Las Vegas Defective Vehicle Parts Attorneys
Experienced representation when you’re injured by defective cars, trucks, and motorcycles
After a serious car or truck accident, authorities and insurance companies generally focus on driver error. Did someone run a stop sign, fail to yield, or drive distracted or drunk? However, in some cases, a crash wasn’t the driver’s fault at all. Defective and malfunctioning auto parts can contribute to accidents even when motorists are following all traffic laws to the letter.
Going up against a big auto manufacturer is a lot more difficult than holding an individual person responsible for your injuries. These companies spend a lot of money avoiding liability, and when you’re injured by a defective auto part, you need experienced and skilled legal help on your side, too. That’s where the Las Vegas product liability attorneys at Claggett & Sykes Law Firm come in. Our legal team has the knowledge and resources to get things done, while you take the time you need to recover from your injuries.
“Claggett and Sykes have been extremely professional and helpful during the time we worked together. They would be sure to update me on the progress of my case and made sure to answer any questions that I had and that I understand where we were in the process. They closed my case in a timely matter especially considering the fact that they were working remotely due to COVID. Thank you!” – Isabella G.
What is a motor vehicle defect?
The National Highway Traffic Safety Administration (NHTSA) reports that traffic accidents are the number one cause of debilitating injuries in the country. The NHTSA also has the authority to recall vehicles with safety-related defects, or any vehicles that don’t meet federal safety standards. These vehicles can include cars, trucks, buses, and motorcycles, and parts can include tires, brakes, seatbacks, and fuel systems, among others.
The NHTSA ensures motor vehicle safety for the public, which includes protecting us “against unreasonable risk of accidents occurring because of the design, construction, or performance of a motor vehicle, and against unreasonable risk of death or injury in an accident, and includes nonoperational safety of a motor vehicle.”
A vehicle defect, then, is a problem in a motor vehicle or piece of equipment that poses an “unreasonable risk to motor vehicle safety, and may exist in a group of vehicles of the same design or manufacture, or items of equipment of the same type and manufacture.”
The vast majority of car and truck defects are preventable, and occur when companies and manufacturers cut corners on costs and safety measures.
What are common defective vehicle parts?
Whenever a vehicle component fails to work in the way it’s intended, it can cause a collision or contribute to severe injuries. Just a few examples of common vehicle defects include:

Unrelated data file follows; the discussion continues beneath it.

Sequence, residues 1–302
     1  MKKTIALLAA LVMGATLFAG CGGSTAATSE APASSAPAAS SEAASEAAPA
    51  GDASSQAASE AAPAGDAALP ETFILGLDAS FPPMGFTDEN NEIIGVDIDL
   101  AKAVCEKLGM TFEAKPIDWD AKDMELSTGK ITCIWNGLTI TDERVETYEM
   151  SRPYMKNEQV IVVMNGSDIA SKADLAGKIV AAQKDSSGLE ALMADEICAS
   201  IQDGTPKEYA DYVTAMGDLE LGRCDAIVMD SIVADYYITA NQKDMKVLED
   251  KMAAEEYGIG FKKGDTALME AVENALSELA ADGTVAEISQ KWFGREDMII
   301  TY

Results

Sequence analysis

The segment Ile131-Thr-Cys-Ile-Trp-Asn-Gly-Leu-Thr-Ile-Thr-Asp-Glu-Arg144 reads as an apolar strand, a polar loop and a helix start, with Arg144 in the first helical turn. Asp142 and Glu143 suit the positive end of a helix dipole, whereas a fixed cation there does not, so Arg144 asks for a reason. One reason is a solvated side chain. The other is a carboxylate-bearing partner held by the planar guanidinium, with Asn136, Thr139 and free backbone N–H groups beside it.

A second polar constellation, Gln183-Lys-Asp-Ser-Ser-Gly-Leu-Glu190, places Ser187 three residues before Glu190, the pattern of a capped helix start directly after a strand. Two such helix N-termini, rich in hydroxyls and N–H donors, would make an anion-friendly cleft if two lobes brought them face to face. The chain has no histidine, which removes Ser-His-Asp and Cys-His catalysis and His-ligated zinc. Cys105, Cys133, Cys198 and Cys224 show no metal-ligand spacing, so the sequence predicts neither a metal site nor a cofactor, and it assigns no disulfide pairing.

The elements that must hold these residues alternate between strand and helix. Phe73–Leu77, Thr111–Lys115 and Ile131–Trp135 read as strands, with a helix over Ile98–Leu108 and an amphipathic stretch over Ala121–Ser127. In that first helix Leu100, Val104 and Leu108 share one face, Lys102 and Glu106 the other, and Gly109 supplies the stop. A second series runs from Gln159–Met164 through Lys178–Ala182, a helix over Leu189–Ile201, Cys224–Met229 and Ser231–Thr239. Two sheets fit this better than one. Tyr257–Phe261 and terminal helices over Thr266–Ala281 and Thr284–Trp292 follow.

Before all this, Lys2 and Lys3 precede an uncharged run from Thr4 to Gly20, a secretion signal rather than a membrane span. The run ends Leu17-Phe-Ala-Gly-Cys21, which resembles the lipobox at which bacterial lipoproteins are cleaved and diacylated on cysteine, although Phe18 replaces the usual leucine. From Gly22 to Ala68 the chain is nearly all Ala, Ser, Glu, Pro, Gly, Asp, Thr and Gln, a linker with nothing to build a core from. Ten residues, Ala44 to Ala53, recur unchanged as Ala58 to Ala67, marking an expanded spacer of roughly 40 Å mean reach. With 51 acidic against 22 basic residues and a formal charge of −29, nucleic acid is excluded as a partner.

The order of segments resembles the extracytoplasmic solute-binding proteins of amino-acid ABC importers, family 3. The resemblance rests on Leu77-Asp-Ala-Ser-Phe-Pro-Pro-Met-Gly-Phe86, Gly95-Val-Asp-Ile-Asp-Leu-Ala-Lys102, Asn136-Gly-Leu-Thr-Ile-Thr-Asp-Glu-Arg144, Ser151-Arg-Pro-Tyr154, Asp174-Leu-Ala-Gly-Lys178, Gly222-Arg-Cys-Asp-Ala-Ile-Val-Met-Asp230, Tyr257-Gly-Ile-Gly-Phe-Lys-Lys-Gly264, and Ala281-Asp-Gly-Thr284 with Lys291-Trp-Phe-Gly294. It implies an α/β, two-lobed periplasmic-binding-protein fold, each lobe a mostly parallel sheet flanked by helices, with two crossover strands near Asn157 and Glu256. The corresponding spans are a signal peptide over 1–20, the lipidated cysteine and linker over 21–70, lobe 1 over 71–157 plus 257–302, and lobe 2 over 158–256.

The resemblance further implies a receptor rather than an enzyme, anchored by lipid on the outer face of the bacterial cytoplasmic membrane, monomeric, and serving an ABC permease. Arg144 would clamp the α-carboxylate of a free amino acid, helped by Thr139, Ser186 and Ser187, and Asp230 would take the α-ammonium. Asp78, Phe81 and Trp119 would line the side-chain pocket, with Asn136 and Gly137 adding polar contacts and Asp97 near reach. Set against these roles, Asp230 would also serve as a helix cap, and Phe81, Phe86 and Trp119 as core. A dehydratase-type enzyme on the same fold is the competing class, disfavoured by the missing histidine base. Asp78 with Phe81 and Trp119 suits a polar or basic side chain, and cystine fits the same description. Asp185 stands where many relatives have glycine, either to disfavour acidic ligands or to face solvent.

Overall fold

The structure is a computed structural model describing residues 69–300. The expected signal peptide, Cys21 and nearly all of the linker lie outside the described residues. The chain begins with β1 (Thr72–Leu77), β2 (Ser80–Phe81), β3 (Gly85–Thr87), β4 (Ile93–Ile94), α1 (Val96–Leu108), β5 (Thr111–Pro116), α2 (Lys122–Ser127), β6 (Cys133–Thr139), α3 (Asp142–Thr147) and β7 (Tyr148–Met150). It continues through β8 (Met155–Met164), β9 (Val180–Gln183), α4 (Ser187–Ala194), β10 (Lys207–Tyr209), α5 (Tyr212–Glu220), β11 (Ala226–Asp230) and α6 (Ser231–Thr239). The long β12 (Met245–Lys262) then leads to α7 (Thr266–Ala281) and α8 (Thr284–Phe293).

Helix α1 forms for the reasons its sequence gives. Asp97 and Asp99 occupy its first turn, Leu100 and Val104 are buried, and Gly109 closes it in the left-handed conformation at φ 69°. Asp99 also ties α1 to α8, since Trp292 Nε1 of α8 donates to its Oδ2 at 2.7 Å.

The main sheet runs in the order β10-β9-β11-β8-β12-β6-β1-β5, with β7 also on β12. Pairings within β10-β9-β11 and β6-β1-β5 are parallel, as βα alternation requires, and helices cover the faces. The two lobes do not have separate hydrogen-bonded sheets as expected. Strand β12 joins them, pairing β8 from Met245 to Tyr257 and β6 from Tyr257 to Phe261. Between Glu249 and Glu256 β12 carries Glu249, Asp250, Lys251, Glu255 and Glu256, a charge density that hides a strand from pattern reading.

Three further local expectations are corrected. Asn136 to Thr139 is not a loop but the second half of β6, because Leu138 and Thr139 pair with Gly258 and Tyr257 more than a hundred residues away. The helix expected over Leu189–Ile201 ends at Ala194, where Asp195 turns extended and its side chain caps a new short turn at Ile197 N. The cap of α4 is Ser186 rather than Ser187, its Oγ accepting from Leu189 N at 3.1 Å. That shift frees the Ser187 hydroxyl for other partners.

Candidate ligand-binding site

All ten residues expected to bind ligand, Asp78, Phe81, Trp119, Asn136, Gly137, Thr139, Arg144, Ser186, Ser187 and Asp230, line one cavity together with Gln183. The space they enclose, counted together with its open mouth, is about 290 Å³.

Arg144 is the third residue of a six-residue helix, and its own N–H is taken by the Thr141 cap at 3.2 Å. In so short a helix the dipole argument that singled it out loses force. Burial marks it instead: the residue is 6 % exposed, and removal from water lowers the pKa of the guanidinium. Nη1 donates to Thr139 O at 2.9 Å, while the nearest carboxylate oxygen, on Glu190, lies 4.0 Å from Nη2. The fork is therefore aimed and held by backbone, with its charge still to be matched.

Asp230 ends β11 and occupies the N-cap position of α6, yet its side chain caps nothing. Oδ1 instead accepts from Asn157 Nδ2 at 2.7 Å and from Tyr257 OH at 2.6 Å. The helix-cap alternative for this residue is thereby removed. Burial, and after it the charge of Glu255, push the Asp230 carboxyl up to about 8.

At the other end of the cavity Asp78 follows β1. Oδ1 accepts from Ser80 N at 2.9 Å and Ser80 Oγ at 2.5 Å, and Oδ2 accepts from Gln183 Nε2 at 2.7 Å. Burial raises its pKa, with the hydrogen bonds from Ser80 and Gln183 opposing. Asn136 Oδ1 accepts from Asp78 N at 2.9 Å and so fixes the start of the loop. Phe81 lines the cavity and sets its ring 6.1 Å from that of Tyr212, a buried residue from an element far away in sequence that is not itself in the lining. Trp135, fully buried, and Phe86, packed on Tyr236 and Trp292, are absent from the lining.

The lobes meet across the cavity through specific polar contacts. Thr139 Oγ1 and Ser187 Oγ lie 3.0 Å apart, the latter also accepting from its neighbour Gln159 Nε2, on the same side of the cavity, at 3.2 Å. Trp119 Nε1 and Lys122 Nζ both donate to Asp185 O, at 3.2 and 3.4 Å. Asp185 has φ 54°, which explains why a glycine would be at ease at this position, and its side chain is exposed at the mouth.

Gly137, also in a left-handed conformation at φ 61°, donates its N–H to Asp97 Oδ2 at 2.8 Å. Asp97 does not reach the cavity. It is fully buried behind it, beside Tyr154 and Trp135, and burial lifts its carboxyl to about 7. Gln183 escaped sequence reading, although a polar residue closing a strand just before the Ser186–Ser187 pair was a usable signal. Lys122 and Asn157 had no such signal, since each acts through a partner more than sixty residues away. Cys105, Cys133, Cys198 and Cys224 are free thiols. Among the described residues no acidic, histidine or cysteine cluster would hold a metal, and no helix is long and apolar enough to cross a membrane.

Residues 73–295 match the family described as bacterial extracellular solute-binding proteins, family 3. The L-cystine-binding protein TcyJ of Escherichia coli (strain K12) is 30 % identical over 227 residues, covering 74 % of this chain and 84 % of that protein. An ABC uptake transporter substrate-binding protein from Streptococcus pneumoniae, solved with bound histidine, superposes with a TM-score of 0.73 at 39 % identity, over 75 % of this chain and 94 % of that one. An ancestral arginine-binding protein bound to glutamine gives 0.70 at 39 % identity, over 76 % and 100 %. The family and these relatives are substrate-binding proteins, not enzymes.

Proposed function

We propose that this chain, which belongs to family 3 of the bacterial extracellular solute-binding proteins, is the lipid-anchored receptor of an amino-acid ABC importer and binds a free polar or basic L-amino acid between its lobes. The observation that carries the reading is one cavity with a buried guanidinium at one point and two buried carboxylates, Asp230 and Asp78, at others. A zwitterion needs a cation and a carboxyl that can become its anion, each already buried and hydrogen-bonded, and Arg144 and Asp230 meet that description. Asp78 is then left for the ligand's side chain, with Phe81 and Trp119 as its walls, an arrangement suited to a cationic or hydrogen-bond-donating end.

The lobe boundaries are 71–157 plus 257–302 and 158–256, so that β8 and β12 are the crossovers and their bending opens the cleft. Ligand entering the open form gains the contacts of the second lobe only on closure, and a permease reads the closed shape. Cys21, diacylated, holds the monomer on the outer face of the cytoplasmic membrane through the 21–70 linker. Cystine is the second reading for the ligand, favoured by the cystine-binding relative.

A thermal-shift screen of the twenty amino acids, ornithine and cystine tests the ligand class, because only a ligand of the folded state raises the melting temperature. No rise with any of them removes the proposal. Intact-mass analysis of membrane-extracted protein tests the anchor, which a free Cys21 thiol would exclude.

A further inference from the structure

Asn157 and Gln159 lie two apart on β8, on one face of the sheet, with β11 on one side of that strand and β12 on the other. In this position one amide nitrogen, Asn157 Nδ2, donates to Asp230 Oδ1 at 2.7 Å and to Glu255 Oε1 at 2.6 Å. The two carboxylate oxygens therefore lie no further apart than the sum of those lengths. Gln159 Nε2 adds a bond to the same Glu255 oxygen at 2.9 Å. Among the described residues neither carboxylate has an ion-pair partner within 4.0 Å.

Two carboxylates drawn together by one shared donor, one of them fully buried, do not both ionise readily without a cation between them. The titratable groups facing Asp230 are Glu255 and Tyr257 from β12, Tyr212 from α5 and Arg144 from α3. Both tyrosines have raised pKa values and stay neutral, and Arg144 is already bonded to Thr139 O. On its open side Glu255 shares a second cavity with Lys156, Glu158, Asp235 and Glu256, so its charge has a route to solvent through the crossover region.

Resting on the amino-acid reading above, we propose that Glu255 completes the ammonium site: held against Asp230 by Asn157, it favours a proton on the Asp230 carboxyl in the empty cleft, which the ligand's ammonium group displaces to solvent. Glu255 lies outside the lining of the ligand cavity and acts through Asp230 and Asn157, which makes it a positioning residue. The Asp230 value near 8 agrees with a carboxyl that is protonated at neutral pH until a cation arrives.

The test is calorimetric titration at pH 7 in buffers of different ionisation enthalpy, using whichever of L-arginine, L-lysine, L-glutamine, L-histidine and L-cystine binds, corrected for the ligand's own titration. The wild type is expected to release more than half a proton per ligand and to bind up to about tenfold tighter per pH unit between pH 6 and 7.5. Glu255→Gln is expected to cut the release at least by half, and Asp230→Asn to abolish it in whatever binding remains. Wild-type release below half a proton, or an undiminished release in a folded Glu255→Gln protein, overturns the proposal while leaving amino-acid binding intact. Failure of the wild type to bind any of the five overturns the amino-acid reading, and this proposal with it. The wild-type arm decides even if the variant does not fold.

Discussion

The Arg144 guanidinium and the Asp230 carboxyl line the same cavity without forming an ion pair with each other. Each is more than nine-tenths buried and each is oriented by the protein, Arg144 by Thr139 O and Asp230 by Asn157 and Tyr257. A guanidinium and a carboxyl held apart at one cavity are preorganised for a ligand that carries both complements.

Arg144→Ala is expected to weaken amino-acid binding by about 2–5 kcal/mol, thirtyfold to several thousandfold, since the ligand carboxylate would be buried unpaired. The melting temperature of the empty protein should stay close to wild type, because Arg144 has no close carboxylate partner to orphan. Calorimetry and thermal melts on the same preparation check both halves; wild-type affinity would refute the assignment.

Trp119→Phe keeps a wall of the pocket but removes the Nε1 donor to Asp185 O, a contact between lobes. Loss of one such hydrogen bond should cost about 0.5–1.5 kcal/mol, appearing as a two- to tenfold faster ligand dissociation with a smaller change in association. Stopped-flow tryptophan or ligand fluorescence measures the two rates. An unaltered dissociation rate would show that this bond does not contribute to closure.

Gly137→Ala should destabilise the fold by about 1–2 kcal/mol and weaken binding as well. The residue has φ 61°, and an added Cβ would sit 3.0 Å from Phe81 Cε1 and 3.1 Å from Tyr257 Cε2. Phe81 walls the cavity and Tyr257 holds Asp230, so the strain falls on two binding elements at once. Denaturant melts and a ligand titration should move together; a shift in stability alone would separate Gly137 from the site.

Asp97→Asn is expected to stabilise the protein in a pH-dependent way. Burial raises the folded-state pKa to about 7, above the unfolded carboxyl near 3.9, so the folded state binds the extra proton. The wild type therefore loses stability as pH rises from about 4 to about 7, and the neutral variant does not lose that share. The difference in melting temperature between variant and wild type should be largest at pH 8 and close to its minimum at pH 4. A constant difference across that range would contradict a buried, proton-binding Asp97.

- Brakes. Faulty brakes can cause serious accidents, collisions, and loss of life. Problems with anti-lock brake systems, brake pads, brake lines, or brake pads can cause brakes to fail, resulting in disaster for drivers and other vehicles on the road. Claggett & Sykes secured over $3 million on behalf of a client who suffered serious injuries after a flatbed tow truck’s parking brake failed, causing the truck to roll out of its parking spot and into traffic, where it hit our client’s vehicle.
- Tires. One of the most common defective vehicle parts, when tires malfunction, drivers can lose control of their vehicles. Tire defects include blowouts, tread separation, bead failures, low pressure, and sidewall or zipper failures. When a truck with 18 wheels is riding on defective tires, the risks to everyone increase. When a motorcycle rider’s tire blows out, the rider can be thrown from the bike.
- Electrical and fuel systems. The National Highway Traffic Safety Administration reports that most truck defects are found in the fuel and electrical systems. Faulty ignition switches, bad wiring, loose spark plugs, fault belts – each of these small parts can contribute to the overall failure of the truck, or even cause an engine fire. When that failure occurs on a hill or while traveling at highway speeds, the driver may be unable to control the truck, leading to a collision, jackknife, or rollover. Fuel system defects are also common in motorcycles, often leading to burns and leg injuries for riders.
- Steering. If the steering components on a vehicle fail, the driver will almost certainly lose control, risking a serious collision. These defects can include fluid leaks, faulty hydraulics, steering wheel locks and jams, and other problems with the steering column. Motorcycle riders have to contend with these same issues, but also with potential design defects in the handlebars.